Many American cities now enjoy an amazing reversal of fortune. Once hollowed-out shells mainly for those too poor to move -- or those so rich they didn't have to deal with the poor -- cities are again filling up with educated and aspiring young people.
This year, two big dress-up events fall in the same week. But the Academy Awards and Mardi Gras couldn't be more different. At the Hollywood party, the common people are supposed to venerate the stars. In Mardi Gras, the commoners are the stars.
A story that captivated New York City: A group of elderly Korean-Americans had been gathering at a McDonald's in Queens for conversation and fellowship. They'd sit there all day long, sometimes sharing a $1.39 package of fries. The hangout was so popular that friends from other neighborhoods would travel to join them.
Philip Seymour Hoffman's death at the end of a heroin needle again spotlights the dangers of a poisonous drug. And so did the Vermont governor's plea last month to confront the "full-blown heroin crisis" plaguing his rural state.
A guard insisted on looking into my handbag as I entered Radio City Music Hall to attended a concert recently. He had absolutely no reason to suspect me or the hundreds of other patrons whose bags he similarly inspected of carrying guns or explosives. But none of us objected to the incursion.
"The not so Golden State" is how a recent issue of The Economist magazine tags California's business climate. It's the latest in a trove of conservative literature trying to dance around the fact that high-tax, highly regulated, bureaucratic states can be economic powerhouses. The writers deal with the "problem" by burying reality under a pile of "buts" and "howevers."
After decades of suffering environmental torture at the hands of polluting industries, West Virginians might regard a chemical spill that poisoned the drinking water of 300,000 residents -- and is still scaring folks after the dangers have presumably passed -- as a last straw. But there never seems to be a last straw for them.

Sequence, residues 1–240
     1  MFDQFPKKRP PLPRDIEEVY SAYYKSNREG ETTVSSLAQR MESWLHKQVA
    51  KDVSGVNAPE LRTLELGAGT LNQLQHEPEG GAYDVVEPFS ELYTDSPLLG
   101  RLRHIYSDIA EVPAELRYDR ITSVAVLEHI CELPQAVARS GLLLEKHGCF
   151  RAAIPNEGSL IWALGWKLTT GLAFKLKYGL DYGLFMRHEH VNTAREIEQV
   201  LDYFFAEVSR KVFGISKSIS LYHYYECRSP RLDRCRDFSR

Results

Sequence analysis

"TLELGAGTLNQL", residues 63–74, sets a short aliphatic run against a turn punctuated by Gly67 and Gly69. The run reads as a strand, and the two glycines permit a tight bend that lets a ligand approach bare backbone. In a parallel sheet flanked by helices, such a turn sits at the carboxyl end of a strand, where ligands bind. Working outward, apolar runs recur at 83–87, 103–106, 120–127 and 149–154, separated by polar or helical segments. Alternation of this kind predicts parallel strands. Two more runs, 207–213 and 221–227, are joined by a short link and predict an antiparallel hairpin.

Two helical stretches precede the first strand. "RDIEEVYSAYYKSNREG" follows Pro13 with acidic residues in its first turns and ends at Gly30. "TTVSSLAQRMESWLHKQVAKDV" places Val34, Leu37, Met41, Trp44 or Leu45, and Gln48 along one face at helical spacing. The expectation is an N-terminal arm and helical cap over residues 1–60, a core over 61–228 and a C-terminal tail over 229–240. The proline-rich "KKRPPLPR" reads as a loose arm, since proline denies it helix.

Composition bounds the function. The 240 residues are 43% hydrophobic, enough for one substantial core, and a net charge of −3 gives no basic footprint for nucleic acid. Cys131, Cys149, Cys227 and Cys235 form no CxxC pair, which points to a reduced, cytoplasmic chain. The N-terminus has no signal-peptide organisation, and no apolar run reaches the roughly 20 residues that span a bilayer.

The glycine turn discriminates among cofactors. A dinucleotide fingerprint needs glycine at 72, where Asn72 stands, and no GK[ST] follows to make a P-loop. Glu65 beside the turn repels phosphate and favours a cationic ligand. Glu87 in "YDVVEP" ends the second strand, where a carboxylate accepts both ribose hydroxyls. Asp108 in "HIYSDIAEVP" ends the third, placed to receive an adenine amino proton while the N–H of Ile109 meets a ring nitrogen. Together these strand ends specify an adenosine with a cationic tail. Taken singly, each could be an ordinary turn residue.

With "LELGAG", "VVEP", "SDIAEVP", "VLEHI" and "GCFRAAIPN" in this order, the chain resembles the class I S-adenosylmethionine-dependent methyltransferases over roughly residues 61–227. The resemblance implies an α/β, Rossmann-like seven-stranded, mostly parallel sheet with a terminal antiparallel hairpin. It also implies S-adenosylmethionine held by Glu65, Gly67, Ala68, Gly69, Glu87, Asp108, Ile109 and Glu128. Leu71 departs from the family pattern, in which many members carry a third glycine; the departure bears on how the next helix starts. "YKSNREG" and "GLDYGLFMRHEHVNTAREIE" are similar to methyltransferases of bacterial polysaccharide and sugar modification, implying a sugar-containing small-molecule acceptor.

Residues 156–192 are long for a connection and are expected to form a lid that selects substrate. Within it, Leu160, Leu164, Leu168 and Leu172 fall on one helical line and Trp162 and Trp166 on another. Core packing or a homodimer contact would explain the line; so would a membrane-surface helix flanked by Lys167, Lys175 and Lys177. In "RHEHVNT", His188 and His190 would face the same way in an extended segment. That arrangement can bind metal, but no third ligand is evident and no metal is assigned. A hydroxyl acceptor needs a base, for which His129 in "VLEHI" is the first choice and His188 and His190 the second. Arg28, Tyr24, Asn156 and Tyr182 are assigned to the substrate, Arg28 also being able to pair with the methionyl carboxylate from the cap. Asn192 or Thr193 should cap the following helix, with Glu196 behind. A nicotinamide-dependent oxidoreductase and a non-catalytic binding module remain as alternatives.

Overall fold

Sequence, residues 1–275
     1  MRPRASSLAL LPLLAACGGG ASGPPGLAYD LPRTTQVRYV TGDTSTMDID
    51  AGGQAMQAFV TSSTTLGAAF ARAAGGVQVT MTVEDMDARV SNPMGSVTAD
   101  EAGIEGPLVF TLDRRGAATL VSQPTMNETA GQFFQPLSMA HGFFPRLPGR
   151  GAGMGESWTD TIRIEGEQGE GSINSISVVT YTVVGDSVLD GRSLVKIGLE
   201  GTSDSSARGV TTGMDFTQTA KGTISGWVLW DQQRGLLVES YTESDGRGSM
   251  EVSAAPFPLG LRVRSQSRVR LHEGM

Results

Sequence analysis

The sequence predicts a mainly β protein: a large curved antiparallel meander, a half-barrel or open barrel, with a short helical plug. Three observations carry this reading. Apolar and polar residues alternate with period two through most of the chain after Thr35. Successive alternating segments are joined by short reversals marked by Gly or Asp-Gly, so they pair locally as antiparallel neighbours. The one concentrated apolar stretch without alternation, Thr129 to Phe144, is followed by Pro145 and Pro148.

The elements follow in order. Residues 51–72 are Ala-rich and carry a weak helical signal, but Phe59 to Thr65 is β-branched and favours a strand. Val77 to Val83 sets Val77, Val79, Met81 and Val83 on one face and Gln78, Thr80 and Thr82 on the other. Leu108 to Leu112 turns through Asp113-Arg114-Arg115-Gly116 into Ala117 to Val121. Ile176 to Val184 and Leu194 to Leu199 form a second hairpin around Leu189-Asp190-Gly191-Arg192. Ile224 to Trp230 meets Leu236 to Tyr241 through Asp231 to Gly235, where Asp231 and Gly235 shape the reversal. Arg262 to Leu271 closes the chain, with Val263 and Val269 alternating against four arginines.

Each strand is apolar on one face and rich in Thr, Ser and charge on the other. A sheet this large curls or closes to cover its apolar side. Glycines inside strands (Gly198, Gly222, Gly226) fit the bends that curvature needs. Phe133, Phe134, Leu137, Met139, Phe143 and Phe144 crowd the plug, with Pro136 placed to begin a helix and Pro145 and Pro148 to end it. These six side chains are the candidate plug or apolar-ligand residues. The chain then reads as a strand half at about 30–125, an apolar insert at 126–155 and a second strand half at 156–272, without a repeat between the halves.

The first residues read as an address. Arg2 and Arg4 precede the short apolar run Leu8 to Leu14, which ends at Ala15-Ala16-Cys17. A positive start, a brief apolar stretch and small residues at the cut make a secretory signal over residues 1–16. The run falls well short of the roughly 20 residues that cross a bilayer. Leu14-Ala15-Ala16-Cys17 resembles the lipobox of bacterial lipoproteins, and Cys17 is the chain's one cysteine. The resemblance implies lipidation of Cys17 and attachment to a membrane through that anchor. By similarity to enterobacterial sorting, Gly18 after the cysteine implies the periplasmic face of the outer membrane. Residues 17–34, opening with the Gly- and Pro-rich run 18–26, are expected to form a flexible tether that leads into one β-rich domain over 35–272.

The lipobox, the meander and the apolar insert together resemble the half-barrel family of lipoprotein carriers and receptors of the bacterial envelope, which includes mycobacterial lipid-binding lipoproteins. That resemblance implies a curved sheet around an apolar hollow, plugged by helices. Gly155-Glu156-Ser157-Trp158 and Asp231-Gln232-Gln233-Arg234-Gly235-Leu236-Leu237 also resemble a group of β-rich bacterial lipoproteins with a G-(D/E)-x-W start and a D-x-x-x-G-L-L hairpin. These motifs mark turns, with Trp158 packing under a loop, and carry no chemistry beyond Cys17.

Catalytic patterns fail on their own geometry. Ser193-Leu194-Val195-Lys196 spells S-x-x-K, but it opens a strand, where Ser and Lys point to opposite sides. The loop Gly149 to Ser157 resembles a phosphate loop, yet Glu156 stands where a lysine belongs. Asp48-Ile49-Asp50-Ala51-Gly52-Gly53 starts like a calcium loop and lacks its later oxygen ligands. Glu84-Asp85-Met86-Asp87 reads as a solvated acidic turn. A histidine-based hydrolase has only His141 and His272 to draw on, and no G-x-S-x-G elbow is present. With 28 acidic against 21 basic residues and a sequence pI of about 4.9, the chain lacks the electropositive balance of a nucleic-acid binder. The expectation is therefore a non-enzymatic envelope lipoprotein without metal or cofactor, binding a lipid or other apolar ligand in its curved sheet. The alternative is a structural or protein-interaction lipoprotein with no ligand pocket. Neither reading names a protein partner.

Some enterprising writer must do a book titled "The Downton Diet." It would explain how to get and stay slim without moving a muscle, as the aristocratic women in the wildly popular British drama series demonstrate.
A New York voice boomed from the back of the long car rental line: "Wha'd they do, lay off half the people?"
One of my thoughts no doubt shared by fellow detainees waiting, waiting at the big-name car rental office at a Florida airport.
Could an aging population be good for economic growth? I mean, isn't it an accepted fact that our economy will suffer as more Americans pass age 65 and start sitting around all day, soaking up government benefits?
Proposals to raise Social Security benefits are a refreshing antidote to portrayals of the program as a mere drain on the Treasury. Details of some such plans are troubling -- for reasons I'll go into -- but the change in tone is most welcome.
The honchos at A&E, professing shock that an old Southern redneck from their reality TV hit "Duck Dynasty" made the sort of homophobic remarks one would expect from an old Southern redneck, yanked Phil Robertson off the show. A culture war skirmish ensued.
Americans don't care much about rising economic inequality, recent surveys suggest. But that's not quite right.
The public may know that the top 10 percent pulled in about half of pretax income in 2012 -- and that income inequality is the widest it's been since right before the Great Depression. Its brain understands that these trends are not good for the society.
Mainstream Republicans are doing backflips over Chris Christie's frolic to re-election as governor of New Jersey. Here is a Republican who took on public employee unions, spoke out against abortion and gay marriage, and still scored a landslide win in a blue state. And he won Latinos' and women's votes, too.
Wow, this T-shirt costs only $8. Great color. Problem is, your finger could punch a hole through it. In most Americans' shopping experience, colors change and styles come and go, but there's one constant: low quality and a sweatshop-country label.
Drawing moral lines in our rough-and-tumble capitalist system can be hard. But it should not tax too many ethical muscles to set aside some protections for trusting, unsophisticated borrowers of modest means. That is, unless you're a politician working on behalf of predatory lenders.
An unapologetic drinker, writer H.L. Mencken blamed Prohibition on American moralists' distaste for happiness. "A Puritan is not against bullfighting because of the pain it gives the bull," he wrote, "but because of the pleasure it gives the spectators."
Much we believe about turkeys is not true.
Myth No. 1: They were served at the "first Thanksgiving" feast in Plymouth, Mass. There's no evidence for that.
During the botched rollout of the Affordable Care Act, it's been hard to defend the law, much less to call it "great." But great it is -- for the American economy and for the American people, rich ones included.
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